Kibo is an excellent research facility, but that which can be done in the space is limited. Success of the SSAF 2013 mission depends on your efforts here on Earth.
As previously mentioned, SSAF 2013 is a mission that is shared among the people of the Asia-Pacific region. Moreover young people from North American, European, and African countries are also welcome.
Please submit your questions and ideas, in addition to your observational reports, via email. Reports of exceptional quality will be published on the website.
Information useful for other participants will also be published, such as observation plans, the conditions used, and the results obtained. Please let us know if you have any requests for experiments/observations that you would like to see carried out in Kibo.
Even if your requests are not possible on the present mission, they may be realized during the next mission.[Submission rules]〔PDF:10KB〕
ISS Kibo has become a focus of the world's attention as a symbol of Japan's advanced science and technologies. Therefore, to make use of Kibo, the Kibo-ABC initiative has been launched under the Asia-Pacific Regional Space Agency Forum (APRSAF) with the aim of developing leaders who will shape the future of the Asia-Pacific region, including and around the world.
Currently, as part of the Kibo-ABC initiative, we are preparing for the Space Seeds for Asian Future 2013 (SSAF 2013). We hope that as many young people as possible from the Asia-Pacific region and throughout the world will participate in the SSAF 2013 mission and learn about the space environment and organisms, as well as gain valuable experience for future success on the international stage.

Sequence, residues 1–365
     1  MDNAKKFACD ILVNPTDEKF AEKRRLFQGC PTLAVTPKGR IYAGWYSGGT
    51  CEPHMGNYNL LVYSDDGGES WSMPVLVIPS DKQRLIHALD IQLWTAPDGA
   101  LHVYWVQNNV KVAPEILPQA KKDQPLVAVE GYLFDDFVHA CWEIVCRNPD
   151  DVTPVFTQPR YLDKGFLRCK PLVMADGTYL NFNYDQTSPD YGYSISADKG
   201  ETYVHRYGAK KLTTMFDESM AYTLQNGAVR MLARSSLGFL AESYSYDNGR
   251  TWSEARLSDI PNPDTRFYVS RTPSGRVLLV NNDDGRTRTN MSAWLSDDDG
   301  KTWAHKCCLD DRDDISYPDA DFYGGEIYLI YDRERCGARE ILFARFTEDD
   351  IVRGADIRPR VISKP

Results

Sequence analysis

Anyone can participate in the SSAF 2013 mission in any way, as long as he/she does not harm the mission’s objectives. No application is necessary. A person who wishes to participate will conduct experiments or observations suitable for his/her grade level, and other circumstances, by referring to the information listed on this website among other sources, and report their progress and results. Schools, volunteer groups, other teams, and individuals can participate. Schools and other group participants are requested to make use of the information sent from Kibo and create a program that is age appropriate, taking into consideration other conditions or special circumstances. Further, you are welcome to initiate activities that can be used by other groups, such as preparing materials for lower-grade participants in your native language or creating your own website.
In addition to the wonderful educational benefits of the SSAF 2013 mission, you are encouraged to make the best of this opportunity by submitting your findings or suggestions as feedback and promoting the mission through various media. The ISS exists not only for cutting-edge science, technological experiments, or for a specific audience, but can be used by anyone in any way. I hope the participants will realize that the ISS has multifaceted and immeasurable applications and values, such as capturing the interest of future leaders and increasing enthusiasm toward science.
The processing method differs between beans for food and beans for cultivation. Please do not eat the beans you will use in your experiment or any sprouts that you grow. Further, it takes a reasonable amount of skill to grow and harvest azuki beans. You will not necessarily be successful if you plan your experimental beans and sprouts in the field.
Tentative schedule of the outer-space experiment: End of August, 2013*
Seeds: azuki beans (Vigna angularis 'Erimo-shozu')Experiment procedure:
(*Major changes may be made depending on the liftoff schedule or other extenuating circumstances.)
This brochure shows some example procedures how to grow and observe plant seedlings:Handbook 〔PDF: 1.78 MB〕Results of the Kibo experiment